Duke team finds compounds that prevent nerve damage

Sep 23, 2008

Duke University Medical Center scientists have made a significant finding that could lead to better drugs for several degenerative diseases including Huntington's disease and Alzheimer's disease. Compounds that block the activity of a specific enzyme prevented brain injury and greatly improved survival in fruit flies that had the same disease process found in Huntington's disease.

"We were able to prevent Huntington's disease-like illness in mutant fruit flies by giving them orally active transglutaminase inhibitors," said Charles S. Greenberg, M.D., a Professor of Medicine and Pathology at Duke University Medical Center and senior author of the paper. The drug blocks the action of an enzyme called tissue transglutaminase (TGM2). TGM2 may damage cells by forming strong bonds between proteins. Such bonding is beneficial for blood clotting which happens outside of cells, but if this type of bonding occurs inside cells, it can be harmful, Greenberg said.

The study appears in the current issue of Chemistry and Biology.

Huntington's disease causes uncontrolled movement and mental deterioration that develops later in life, and though there is no cure, people can get tested to learn whether they have the gene that causes the devastating illness, Greenberg said.

Alzheimer's disease, Parkinson's disease and polyglutamine diseases including Huntington's disease may possibly be improved with the same compounds, said Thung S. Lai, Ph.D., lead author and a Duke Associate Professor of Medicine. "Our findings may also help to develop drugs that block the pathology related to transglutaminase's action. That action has been linked to the development of tissue fibrosis, organ failure and aging."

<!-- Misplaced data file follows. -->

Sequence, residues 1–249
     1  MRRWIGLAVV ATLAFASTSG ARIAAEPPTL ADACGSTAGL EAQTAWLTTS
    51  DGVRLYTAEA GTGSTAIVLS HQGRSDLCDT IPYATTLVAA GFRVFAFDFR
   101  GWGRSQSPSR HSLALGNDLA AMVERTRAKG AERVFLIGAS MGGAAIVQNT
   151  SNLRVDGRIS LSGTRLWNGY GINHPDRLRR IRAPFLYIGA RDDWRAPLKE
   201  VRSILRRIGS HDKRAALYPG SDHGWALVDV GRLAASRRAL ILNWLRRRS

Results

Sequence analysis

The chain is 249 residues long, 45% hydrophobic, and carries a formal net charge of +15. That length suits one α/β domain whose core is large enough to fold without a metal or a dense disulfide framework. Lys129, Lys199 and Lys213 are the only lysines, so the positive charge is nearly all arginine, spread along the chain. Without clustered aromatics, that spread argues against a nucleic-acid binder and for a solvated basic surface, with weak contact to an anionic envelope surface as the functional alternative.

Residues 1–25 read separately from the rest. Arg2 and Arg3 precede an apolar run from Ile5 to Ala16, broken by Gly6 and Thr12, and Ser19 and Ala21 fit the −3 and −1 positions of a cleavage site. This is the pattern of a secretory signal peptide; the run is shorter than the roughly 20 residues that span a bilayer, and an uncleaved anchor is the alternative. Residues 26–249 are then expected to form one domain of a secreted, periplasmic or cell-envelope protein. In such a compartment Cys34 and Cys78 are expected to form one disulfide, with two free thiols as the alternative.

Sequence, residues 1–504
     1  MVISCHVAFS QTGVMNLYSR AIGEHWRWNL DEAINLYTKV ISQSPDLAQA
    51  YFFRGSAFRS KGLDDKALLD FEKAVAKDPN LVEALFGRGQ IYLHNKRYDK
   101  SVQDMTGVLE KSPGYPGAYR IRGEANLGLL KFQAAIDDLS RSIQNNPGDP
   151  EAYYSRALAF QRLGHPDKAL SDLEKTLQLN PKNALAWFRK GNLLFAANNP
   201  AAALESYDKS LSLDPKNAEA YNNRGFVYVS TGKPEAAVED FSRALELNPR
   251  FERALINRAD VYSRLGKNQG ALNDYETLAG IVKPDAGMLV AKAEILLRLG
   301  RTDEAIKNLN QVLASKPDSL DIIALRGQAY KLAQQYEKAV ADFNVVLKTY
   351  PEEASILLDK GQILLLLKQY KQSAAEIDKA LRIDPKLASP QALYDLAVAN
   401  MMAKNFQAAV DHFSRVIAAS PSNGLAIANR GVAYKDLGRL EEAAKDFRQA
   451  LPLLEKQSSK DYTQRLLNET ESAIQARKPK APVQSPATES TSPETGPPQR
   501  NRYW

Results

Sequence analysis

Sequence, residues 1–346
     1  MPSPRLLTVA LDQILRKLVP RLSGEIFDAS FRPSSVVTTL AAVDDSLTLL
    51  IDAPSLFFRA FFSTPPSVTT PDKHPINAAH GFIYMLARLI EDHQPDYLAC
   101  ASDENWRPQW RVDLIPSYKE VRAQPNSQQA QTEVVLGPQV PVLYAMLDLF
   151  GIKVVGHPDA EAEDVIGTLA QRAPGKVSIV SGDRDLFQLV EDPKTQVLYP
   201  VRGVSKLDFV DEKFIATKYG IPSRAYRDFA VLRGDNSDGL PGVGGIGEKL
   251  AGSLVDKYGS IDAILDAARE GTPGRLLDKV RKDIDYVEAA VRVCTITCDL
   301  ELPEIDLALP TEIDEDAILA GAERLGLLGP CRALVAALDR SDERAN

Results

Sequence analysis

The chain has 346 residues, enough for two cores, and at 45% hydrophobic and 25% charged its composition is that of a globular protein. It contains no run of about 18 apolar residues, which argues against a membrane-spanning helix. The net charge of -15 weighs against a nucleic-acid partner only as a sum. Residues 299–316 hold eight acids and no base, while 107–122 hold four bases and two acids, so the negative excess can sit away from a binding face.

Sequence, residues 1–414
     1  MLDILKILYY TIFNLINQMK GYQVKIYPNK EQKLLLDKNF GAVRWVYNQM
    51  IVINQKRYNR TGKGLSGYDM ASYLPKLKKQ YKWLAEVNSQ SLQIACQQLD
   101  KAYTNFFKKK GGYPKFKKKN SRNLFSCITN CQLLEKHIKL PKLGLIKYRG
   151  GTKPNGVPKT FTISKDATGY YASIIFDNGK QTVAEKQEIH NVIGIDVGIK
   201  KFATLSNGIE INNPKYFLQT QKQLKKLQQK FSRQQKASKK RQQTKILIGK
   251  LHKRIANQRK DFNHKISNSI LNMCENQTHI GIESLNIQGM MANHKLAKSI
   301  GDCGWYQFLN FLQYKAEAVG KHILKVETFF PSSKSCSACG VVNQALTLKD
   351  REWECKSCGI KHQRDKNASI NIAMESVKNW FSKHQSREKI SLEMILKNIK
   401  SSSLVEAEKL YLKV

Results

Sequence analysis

While these compounds were promising in the animal system, they are several years away from entering any human trials, Greenberg said. "We will be studying these compounds in diseases in which TGM2 produces tissue injury."

For the study, Lai painstakingly screened 2,000 compounds. Only two groups of drugs were found to be effective TGM2 inhibitors. Some of the most potent TGM2 inhibitors were given to the fruit flies along with their food.

The most effective compound was a kinase inhibitor, a drug that had been developed several years ago for another purpose. The other beneficial compounds fell into a category of drugs that attack a sulfhydryl group in a protein.

The next step is to use the effective compounds as the backbone for developing even more effective drugs, Lai said. The scientists plan to test whether the TGM2 inhibitors they identified would prevent the fibrous tissue process that causes chronic renal, vascular and lung disease.

Source: Duke University Medical Center

Explore further: Connection found between birth size and brain disorders

add to favorites email to friend print save as pdf

Related Stories

Golden retriever study sniffs for cancer clues

34 minutes ago

(HealthDay)—Michael Court is a scientist and a dog lover, so he jumped at the chance to enroll his golden retriever in a nationwide study aimed at fighting cancer and other ills in canines.

Team makes scientific history with new cellular connection

53 minutes ago

Researchers led by Dr. Helen McNeill at the Lunenfeld-Tanenbaum Research Institute have revealed an exciting and unusual biochemical connection. Their discovery has implications for diseases linked to mitochondria, ...

First bill in Tesla deal sails through Assembly

57 minutes ago

The Nevada Assembly has unanimously approved the first of four bills that make up a package of up to $1.3 billion in tax breaks and incentives the Legislature is considering to seal a deal to bring Tesla ...

Study maps 15 years of carbon dioxide emissions on Earth

1 hour ago

World leaders face multiple barriers in their efforts to reach agreement on greenhouse gas emission policies. And, according to Arizona State University researchers, without globally consistent, independent ...

Recommended for you

Connection found between birth size and brain disorders

1 hour ago

(Medical Xpress)—A trio of researchers has found what appears to be a clear connection between birth size and weight, and the two brain disorders, autism and schizophrenia. In their paper published in Proceedings of ...

A novel therapy for sepsis?

19 hours ago

A University of Tokyo research group has discovered that pentatraxin 3 (PTX3), a protein that helps the innate immune system target invaders such as bacteria and viruses, can reduce mortality of mice suffering ...

User comments : 0